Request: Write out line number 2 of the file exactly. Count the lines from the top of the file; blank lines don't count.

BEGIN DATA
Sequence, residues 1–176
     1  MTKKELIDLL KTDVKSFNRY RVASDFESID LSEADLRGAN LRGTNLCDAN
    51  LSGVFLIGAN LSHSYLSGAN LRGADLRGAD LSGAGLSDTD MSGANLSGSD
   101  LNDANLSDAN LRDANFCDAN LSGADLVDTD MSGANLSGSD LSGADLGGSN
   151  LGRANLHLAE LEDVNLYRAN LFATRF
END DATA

     1  MTKKELIDLL KTDVKSFNRY RVASDFESID LSEADLRGAN LRGTNLCDAN